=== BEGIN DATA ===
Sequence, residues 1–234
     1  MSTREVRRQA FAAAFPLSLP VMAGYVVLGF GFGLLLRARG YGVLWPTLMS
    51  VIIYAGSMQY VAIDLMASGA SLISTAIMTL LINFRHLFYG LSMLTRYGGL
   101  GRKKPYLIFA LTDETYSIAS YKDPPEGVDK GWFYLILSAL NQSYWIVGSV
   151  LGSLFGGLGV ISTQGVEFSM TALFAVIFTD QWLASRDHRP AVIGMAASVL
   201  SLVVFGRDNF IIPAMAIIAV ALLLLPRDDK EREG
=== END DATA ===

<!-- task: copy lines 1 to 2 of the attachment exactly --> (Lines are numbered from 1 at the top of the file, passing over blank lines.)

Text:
Sequence, residues 1–234
     1  MSTREVRRQA FAAAFPLSLP VMAGYVVLGF GFGLLLRARG YGVLWPTLMS